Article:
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Prof Cuts Ties to UCLA Group

Thernstrom calls paying students to report on liberal professors “over the line”

By Marie C. Kodama, Contributing Writer

A conservative alumni group at the University of California, Los Angeles (UCLA) has drawn national scrutiny after offering students money for gathering information on “radical” professors.

Last week, three advisory board members of the Bruin Alumni Association (BAA), including Winthrop Professor of History Stephan Thernstrom, resigned from their posts in protest of the new measures, which Thernstrom described as “over the line.”

Thernstrom, who has taught at UCLA and is considered one of Harvard’s most conservative professors, said he was contacted by the BAA at its founding last year and agreed to join in support of its goal to promote objectivity in the classroom.

Thernstrom said that two major problems facing higher education today are “a growing gulf between political and ideological beliefs” and a “teach your own politics” approach by faculty members. He said he joined the BAA to “combat this tendency and encourage a more balanced view on what’s going on in the world.”

However, after BAA President Andrew Jones, a recent graduate of UCLA, began a series of aggressive measures—including publishing a list of the “dirty 30” radical professors and offering monetary rewards for students to gather information about professors—Thernstrom decided to officially sever ties with the group.

“In this case, there was no consultation at all for the schemed, announced list of professors to be targeted and for paying students,” he said. These actions “were over the line, and this led me to resign.”

UCLA professor emeritus Jascha Kessler, another advisory board member who resigned, said he was also surprised by Jones’ strategy to employ students in collecting lecture notes and tape recordings of the targeted professors. Students were offered up to $50 for collecting lecture notes and hand-outs and $100 for “full, detailed lecture notes, all professor-distributed materials, and full tape recordings of every class session,” according to the BAA website.

“I wrote Jones by e-mail informing him that...the notion of payment was shocking to me, certainly a product of vigilantism,” Kessler said.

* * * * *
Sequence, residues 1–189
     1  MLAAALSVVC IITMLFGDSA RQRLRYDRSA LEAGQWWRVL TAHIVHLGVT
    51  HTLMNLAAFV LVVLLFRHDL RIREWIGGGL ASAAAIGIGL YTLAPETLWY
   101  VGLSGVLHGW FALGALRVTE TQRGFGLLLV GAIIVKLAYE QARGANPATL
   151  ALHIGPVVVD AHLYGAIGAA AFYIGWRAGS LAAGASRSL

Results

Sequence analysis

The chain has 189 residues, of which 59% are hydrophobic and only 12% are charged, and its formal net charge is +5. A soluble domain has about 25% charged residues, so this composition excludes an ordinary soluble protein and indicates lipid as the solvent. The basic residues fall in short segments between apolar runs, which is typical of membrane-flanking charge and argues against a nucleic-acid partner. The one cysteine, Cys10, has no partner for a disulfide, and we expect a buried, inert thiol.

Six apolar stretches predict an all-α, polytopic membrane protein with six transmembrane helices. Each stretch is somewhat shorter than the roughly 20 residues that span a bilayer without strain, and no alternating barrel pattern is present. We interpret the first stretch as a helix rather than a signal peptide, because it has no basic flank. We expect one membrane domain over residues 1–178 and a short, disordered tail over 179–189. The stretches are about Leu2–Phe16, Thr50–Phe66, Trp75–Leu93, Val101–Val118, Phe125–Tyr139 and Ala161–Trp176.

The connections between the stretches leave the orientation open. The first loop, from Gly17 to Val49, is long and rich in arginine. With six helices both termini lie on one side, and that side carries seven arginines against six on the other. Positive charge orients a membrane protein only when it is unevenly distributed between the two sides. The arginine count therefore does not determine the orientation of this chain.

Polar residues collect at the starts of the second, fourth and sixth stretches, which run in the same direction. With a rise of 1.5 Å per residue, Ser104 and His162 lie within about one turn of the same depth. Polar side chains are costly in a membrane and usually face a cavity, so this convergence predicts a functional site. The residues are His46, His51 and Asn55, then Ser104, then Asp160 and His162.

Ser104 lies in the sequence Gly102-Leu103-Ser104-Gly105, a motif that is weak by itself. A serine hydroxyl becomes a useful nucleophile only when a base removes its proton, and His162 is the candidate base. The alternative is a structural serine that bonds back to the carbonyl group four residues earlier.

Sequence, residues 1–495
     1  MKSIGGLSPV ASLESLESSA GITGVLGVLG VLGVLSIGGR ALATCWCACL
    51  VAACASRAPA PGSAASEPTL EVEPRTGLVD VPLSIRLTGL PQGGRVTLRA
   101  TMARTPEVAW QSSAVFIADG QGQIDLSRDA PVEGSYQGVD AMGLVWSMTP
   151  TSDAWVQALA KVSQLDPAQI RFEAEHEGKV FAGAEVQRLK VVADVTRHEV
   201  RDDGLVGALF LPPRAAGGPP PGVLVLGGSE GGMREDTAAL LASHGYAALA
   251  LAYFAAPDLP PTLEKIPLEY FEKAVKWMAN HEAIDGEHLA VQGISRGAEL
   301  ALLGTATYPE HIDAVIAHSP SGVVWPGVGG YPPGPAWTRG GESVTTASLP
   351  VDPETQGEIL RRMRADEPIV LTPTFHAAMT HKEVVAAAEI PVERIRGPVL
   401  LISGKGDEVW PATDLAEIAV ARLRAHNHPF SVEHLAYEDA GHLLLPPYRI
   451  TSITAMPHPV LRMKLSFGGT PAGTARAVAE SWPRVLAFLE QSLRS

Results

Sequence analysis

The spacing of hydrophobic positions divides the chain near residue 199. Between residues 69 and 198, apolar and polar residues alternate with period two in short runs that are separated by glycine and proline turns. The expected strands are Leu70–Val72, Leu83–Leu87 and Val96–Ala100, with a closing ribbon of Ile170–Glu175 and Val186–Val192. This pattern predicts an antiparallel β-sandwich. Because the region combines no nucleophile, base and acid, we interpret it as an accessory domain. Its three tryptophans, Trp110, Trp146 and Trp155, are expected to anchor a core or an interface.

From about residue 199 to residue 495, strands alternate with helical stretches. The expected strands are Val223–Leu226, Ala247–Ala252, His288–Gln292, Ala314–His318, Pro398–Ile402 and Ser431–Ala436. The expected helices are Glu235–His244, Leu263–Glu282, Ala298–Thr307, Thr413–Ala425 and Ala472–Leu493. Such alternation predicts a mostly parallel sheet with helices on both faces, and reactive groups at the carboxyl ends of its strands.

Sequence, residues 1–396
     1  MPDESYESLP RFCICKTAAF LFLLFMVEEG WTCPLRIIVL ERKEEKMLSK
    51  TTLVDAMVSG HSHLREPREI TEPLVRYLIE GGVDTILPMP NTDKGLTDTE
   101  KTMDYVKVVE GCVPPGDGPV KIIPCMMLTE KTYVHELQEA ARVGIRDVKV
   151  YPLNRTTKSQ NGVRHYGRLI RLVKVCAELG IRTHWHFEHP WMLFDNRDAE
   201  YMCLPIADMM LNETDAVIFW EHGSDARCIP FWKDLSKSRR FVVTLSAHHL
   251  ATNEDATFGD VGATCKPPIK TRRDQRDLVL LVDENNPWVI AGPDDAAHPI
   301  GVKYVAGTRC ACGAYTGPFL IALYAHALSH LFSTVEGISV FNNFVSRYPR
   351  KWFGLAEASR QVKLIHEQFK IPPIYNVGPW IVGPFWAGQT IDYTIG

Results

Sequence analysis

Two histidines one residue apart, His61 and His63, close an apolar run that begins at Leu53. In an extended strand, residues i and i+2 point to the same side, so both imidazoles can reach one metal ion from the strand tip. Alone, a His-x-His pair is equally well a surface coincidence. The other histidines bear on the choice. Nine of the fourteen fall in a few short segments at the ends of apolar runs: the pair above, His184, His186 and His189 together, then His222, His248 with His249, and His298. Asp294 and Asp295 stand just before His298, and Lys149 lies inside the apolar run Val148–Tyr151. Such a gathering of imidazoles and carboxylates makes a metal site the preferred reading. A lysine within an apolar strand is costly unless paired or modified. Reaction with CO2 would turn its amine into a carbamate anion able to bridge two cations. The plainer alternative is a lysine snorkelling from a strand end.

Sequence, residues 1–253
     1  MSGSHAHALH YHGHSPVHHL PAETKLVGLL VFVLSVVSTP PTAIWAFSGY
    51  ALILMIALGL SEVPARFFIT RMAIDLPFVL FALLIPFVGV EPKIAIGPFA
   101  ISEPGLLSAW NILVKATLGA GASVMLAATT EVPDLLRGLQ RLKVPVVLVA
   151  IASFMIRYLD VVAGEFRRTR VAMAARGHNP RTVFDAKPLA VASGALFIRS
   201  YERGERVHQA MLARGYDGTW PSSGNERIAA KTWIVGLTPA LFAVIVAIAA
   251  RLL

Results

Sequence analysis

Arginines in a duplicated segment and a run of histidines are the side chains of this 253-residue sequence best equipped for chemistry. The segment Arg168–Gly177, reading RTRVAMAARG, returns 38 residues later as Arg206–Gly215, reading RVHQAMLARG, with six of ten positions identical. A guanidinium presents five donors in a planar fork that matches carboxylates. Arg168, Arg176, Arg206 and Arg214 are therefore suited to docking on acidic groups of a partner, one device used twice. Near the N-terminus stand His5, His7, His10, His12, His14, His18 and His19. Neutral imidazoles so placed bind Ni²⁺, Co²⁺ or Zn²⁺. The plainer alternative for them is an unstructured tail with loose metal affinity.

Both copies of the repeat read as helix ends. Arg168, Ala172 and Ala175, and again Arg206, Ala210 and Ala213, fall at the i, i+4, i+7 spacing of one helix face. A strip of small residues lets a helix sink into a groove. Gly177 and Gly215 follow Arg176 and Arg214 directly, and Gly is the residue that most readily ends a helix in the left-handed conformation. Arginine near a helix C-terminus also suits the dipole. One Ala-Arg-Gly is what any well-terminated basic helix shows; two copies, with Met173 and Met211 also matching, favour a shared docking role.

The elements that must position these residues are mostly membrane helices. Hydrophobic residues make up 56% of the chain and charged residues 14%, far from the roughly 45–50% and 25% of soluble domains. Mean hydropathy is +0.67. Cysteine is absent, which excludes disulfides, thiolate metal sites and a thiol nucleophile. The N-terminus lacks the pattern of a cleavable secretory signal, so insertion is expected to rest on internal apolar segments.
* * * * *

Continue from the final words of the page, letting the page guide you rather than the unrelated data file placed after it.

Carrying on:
“He had either not thought or intended to ask his Board for their advice, let alone consent,” he said. “Hence, I was out of there like a shot, quite offended.”

Kessler labeled Jones’ maneuvers as “redolent of early Hitlerism” and other professors, including those on the radical list, criticized BAA’s actions.

“On a personal level, [the strategy] is of course repugnant, sometimes humorous,” said UCLA professor Sondra Hale, one of the “Dirty 30.” “Moreover, this is against university policy and a number of university lawyers are looking into it.”

She added that she found Jones’ actions wrong on ethical grounds as well.

UCLA professor Peter McLaren, ranked as “Enemy Number One” on the list, at first found humor in BAA and its strategies.

“When I realized that this group was not joking I thought about the more serious side to this McCarthy-like red-baiting campaign in that it reflects a broader trend in U.S. society towards what could be called authoritarian populism,” McLaren said. “Jones appears through his website to be auditioning to be the next Karl Rove.”

The BAA’s actions prompted discussion about whether classes should be taped.

“It’s really a shame that this chilling website could affect the classroom,” Hale said, expressing concern that students might misinterpret a lecturer’s remarks.

Thernstrom was less severe in his criticisms and even expressed a note of sympathy with Jones’ efforts.

“Different views are appropriate and vital, and I agree with the [BAA’s] concept but the way Jones carried it out was an unwise decision,” he said.

But McLaren said that strict objectivity is difficult to achieve.

“I don’t think you can create a space of neutrality in the classroom because everyone speaks from somewhere,” McLaren said.

Hale agreed, adding that despite professorial biases, “students can think for themselves.”

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